“We will preserve our sovereign territory and security interests at any cost,” Senior Col. Wu Qian, Chinese Defense Ministry spokesman, told reporters Monday, adding that the People’s Liberation Army will “further intensify targeted operations and trainings” around the Doklam area.
Beijing has accused India of sending troops into Bhutan, while the Bhutanese government says China has constructed a road inside its territory in “direct violation” of treaty obligations.
Last week, China conducted live-fire drills on the Qinghai-Tibet Plateau close to the site of the current standoff, something Wu vowed will continue until India withdraws from the region.
“The 90-year history of the People’s Liberation Army has proven that, when it comes to safeguarding our sovereignty and territorial integrity, our capabilities keep strengthening while our determination remains firm,” he said. “It is easier to move a mountain than to shake the PLA.”
Indian national security adviser Ajit Doval will arrive in Beijing Thursday, the fourth visit by an Indian government representative since the beginning of the dispute last month.
The current Doklam dispute has rattled many observers, harkening back to the 1962 bloody border war between India and China — the causes of which were never solved, leading to multiple territorial flare-ups in the years since.
Shashank Joshi, a senior research fellow at the Royal United Services Institute in London, said the situation is reminiscent of a similar standoff in 1986, which involved 200,000 troops on each side but ended diplomatically.
“This is still a far smaller crisis relative to that crisis, but in terms of length, there is every possibility that this situation will effectively stretch into the winter,” he said. “The noteworthy thing about the Chinese statement is not that it escalates the situation, but that it avoids any softening of the crisis. The probability of a quick resolution coming out of the meeting of the two national security advisers this week seems slim.”
“I’m not sure how this situation de-escalates, not just because of the media hype on both sides, but also because China may not have an interest in de-escalating,” Yvonne Chiu, assistant professor at the Department of Politics at Hong Kong University (HKU), told CNN last week.
This was followed by a formal complaint by Bhutan that China was building on its territory. India and Bhutan have maintained historically strong relations and closely coordinate their foreign policy. India’s military is also involved in training Bhutan’s armed forces.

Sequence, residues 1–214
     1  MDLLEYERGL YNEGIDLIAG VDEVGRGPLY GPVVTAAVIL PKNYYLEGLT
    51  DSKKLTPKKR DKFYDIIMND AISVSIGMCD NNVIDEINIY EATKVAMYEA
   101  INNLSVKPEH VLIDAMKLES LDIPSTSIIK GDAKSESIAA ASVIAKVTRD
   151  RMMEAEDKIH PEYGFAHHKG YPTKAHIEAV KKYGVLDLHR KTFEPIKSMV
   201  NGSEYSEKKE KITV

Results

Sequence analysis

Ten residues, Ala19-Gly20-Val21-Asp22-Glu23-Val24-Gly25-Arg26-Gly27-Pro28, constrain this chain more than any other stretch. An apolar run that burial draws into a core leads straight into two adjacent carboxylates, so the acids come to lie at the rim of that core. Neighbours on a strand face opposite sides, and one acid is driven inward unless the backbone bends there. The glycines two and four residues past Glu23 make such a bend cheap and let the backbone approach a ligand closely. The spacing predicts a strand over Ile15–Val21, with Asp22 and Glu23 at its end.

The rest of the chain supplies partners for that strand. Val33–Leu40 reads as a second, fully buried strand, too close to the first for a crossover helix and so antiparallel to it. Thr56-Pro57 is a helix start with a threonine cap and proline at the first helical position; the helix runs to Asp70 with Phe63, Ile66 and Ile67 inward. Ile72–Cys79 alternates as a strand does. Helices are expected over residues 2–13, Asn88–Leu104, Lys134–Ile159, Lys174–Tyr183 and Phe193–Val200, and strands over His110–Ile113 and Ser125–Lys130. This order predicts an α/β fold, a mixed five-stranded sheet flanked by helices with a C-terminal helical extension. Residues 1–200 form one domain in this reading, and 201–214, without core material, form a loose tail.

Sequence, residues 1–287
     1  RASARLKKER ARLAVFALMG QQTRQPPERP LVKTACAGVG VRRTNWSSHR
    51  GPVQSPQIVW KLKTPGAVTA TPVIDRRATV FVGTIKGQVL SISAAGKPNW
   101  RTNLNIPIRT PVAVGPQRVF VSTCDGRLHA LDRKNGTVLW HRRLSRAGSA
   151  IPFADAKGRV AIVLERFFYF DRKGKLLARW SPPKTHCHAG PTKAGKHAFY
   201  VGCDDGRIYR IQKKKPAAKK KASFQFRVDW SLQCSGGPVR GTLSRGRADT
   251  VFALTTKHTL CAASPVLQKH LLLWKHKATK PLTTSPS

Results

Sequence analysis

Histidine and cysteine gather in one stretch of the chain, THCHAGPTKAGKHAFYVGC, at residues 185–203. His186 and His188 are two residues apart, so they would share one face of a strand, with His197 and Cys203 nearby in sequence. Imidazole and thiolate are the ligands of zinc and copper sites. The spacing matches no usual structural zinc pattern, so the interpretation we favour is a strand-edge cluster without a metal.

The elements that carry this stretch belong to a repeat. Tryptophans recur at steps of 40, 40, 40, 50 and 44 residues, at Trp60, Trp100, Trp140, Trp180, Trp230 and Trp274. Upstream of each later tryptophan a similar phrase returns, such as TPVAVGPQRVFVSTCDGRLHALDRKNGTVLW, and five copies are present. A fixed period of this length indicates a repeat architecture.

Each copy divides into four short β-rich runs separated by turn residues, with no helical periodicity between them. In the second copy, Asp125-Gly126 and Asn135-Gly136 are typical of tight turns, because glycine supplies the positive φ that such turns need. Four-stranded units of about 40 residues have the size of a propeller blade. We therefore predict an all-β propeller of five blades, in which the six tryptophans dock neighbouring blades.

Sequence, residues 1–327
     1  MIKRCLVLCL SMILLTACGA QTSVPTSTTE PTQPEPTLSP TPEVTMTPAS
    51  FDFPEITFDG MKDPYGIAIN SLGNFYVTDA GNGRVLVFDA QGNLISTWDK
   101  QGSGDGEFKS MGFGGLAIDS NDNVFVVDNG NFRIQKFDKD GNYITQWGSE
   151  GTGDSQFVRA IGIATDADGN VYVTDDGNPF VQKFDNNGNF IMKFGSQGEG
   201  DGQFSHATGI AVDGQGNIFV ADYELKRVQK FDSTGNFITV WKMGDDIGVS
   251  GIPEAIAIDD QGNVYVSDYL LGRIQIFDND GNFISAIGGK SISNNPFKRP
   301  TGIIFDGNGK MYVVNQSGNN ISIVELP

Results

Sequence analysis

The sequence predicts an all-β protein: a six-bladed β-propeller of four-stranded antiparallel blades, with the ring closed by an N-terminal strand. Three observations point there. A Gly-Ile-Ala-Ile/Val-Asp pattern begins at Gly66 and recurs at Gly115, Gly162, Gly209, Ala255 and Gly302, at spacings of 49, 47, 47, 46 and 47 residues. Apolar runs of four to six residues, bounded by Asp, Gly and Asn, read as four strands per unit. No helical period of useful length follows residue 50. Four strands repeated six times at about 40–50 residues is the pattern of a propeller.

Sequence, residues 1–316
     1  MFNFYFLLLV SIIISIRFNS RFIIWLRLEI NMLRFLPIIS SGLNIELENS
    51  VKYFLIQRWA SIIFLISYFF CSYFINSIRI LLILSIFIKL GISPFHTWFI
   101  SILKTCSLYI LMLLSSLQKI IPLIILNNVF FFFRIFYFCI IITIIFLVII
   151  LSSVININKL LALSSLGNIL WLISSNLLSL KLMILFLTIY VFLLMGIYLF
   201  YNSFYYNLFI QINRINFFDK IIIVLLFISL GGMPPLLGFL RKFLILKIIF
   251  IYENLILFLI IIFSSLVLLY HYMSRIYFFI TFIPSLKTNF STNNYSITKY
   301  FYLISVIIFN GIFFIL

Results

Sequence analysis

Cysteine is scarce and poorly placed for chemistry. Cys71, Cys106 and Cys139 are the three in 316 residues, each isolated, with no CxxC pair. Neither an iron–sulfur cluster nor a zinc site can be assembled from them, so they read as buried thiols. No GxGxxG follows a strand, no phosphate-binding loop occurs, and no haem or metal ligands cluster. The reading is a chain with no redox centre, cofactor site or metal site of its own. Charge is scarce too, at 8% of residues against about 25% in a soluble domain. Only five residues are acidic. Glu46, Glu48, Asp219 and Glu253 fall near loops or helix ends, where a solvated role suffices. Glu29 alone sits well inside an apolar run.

Relations between Delhi and Beijing have soured in recent years, amid increasing Chinese investment in India’s arch-rival Pakistan, and stepped-up Chinese naval activity in the Indian Ocean.
The dispute with India comes amid increasing Chinese military activity outside of Beijing’s usual sphere of influence.
“Beijing has begun dispatching its navy on increasingly wide-ranging forays, providing its personnel with critical experience in blue-water operations,” according to a report by geopolitical intelligence firm Stratfor.
This month, Beijing dispatched ships with troops to formally open a military base in Djibouti, on the Horn of Africa, which will service its Indian Ocean fleet.
The Liaoning, China’s only active aircraft carrier, has also been dispatched to the open Pacific. Chinese state media said this was a sign the Liaoning’s combat capability has been enhanced and its areas of operation expanded, and could soon include the Eastern Pacific, including off the US West Coast.
Speaking Monday, Chinese Defense Ministry spokesman Wu said the country was “actively expanding military exchanges.”
“We have also participated in a range of international peacekeeping, blue-water escort and humanitarian relief operations — which has reflected our positive image and great responsibilities as the military of a major power,” he said.
“In non-territorial waters, Chinese military ships and planes enjoy freedom of navigation and overflight just as all other countries.”
CNN’s Anish Gawande contributed reporting.